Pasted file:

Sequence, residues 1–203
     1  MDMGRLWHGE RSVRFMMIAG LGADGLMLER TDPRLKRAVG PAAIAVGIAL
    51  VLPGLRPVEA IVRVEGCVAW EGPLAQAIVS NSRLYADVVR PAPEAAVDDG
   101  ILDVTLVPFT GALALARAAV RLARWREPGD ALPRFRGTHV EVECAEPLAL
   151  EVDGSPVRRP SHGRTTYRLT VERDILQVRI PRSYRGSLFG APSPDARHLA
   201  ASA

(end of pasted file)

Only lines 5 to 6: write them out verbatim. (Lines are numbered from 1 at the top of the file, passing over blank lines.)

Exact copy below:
   151  EVDGSPVRRP SHGRTTYRLT VERDILQVRI PRSYRGSLFG APSPDARHLA
   201  ASA